In the wake of the COVID-19 pandemic, the construction industry faced a crisis that often went unnoticed amidst the chaos of the world. While most were concerned with the virus’s immediate impact, there was another silent epidemic silently plaguing the hardworking individuals in the construction sector – drug overdoses.
A recent report from the Centers for Disease Control and Prevention (CDC) has brought to the forefront a startling revelation: construction and extraction jobs topped the list with 162.6 drug overdose deaths per 100,000 workers during the first year of the pandemic. This staggering statistic is a wake-up call to the dire state of affairs within the construction industry.
The CDC report also revealed that the drug overdose rate in the United States increased steadily from 1999 to 2020. In 2021, the U.S. drug overdose rate was a shocking 50% higher than in 2019. While provisional data from 2022 showed a 2% drop in drug overdoses from the previous year, the construction industry still remains at the forefront of this crisis.
What is causing this alarming trend, and how can it be addressed effectively? As construction accident lawyers, we believe understanding the underlying factors is crucial in seeking justice and promoting change within the industry.
The CDC report suggests that work-related characteristics play a significant role in the prevalence and management of substance use disorders within the construction sector. Key factors include:
- Prevalence of Workplace Injuries: Construction workers are no strangers to workplace injuries. The physically demanding nature of their jobs often leads to accidents that result in chronic pain, and this, in turn, can lead to the misuse of pain medications.
- Precarious Employment: Many construction workers experience job insecurity, which can create stress and anxiety, potentially driving them towards substance abuse as a coping mechanism.
- Health Insurance Status: Limited access to healthcare and health insurance can hinder workers from seeking necessary treatment for substance use disorders.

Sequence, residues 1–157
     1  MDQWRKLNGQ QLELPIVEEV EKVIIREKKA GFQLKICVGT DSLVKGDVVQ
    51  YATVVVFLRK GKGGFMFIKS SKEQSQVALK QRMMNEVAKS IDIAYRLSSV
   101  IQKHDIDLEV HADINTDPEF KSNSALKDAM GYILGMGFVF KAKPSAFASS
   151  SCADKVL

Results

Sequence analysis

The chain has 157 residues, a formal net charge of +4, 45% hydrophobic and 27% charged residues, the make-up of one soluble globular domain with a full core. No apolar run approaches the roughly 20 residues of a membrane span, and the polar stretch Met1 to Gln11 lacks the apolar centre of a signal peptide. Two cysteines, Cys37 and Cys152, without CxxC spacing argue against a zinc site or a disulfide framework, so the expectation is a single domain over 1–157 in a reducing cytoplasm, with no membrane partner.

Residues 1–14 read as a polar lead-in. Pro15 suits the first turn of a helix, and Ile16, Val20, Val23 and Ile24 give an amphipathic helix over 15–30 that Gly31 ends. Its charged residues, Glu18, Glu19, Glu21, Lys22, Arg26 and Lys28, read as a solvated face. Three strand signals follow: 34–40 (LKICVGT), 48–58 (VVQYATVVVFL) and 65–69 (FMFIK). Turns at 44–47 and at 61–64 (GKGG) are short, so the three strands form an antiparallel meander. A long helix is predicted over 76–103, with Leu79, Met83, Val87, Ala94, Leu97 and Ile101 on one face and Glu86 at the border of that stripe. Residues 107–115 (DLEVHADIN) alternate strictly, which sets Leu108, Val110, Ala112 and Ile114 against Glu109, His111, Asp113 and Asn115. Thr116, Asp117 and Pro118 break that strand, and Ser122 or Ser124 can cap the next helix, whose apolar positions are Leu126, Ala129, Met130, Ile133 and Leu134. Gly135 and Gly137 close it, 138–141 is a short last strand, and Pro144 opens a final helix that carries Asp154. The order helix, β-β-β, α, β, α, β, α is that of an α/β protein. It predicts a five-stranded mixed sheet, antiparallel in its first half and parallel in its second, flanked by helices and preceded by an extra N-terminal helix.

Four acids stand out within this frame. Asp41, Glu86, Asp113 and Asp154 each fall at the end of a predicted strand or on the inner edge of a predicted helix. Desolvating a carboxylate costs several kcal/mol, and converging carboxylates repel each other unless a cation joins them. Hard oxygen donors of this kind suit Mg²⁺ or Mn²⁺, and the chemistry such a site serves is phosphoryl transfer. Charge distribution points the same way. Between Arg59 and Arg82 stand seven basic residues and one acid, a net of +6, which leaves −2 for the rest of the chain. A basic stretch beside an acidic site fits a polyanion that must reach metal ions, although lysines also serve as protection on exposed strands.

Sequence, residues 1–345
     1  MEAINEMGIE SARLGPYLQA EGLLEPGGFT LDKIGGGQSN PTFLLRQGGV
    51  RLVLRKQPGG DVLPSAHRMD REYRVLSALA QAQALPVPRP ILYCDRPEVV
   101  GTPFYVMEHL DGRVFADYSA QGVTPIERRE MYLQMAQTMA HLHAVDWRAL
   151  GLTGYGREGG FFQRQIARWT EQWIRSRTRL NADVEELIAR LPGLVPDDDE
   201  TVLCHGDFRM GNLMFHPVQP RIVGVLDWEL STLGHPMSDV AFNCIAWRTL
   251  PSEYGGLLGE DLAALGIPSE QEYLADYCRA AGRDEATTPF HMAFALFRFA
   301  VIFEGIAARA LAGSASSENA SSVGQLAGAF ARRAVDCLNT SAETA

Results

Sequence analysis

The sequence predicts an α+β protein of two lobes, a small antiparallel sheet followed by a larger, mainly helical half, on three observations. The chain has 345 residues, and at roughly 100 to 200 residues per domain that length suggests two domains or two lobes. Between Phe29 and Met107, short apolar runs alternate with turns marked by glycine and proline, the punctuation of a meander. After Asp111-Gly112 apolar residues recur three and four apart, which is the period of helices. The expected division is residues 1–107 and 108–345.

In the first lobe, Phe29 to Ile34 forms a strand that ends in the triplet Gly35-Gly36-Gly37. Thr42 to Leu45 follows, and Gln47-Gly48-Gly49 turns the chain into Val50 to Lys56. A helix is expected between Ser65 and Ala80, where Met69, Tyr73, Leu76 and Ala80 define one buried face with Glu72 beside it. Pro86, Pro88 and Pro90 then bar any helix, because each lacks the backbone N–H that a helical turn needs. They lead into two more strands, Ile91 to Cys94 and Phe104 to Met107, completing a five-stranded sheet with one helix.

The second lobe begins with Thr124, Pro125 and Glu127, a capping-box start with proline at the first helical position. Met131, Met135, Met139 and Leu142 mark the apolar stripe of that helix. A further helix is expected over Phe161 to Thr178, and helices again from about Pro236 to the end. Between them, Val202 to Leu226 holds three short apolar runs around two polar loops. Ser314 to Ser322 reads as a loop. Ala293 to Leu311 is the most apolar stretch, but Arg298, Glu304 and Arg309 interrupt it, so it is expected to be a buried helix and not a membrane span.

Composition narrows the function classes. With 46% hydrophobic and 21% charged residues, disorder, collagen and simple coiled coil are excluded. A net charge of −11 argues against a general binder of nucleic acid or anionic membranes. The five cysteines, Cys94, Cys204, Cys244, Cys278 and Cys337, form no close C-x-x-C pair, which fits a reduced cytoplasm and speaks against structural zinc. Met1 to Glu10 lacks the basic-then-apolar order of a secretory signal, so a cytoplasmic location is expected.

- Stress and Lack of Paid Sick Leave: Construction jobs can be highly stressful, and the absence of paid sick leave can force workers to return to work prematurely, exacerbating physical and mental health issues.
- Unique Stressors During COVID-19: The pandemic added a layer of stress to an already challenging profession. Workers faced concerns about their health, financial stability, and job security, which may have led some to turn to drugs as a way to cope.
Breaking down the statistics further, within the construction and extraction occupations, certain jobs bear the brunt of the crisis. Roofers, drywall installers and tapers, and painters had the highest overdose rates. These numbers reflect the harsh reality that workers in specific roles are at even greater risk.
Challenging Work Environment
The construction industry’s unique work environment is a breeding ground for these issues. Daily exposure to ever-changing job sites with potential high-risk safety situations can take a toll on a worker’s mental health. As construction accident lawyers, our concern is not just seeking justice for those affected but also advocating for change within the industry. It is essential for construction companies to prioritize their workers’ mental health and well-being. This includes implementing comprehensive mental health programs, offering support and resources, and fostering a culture that encourages workers to seek help without fear of repercussions. Additionally, addressing workplace injuries, ensuring job security, and providing access to healthcare and paid sick leave are vital steps in reducing the risk of substance use disorders within the construction industry.
The high drug overdose mortality rate within the construction industry is a crisis that demands immediate attention. It’s not just a statistic; it’s a harsh reality for countless workers and their families. As construction accident lawyers, we must continue to fight for justice while working together with the industry to create a safer, healthier, and more supportive environment for all construction workers. Only then can we hope to reverse this alarming trend and prevent further loss of life within this vital sector of our economy.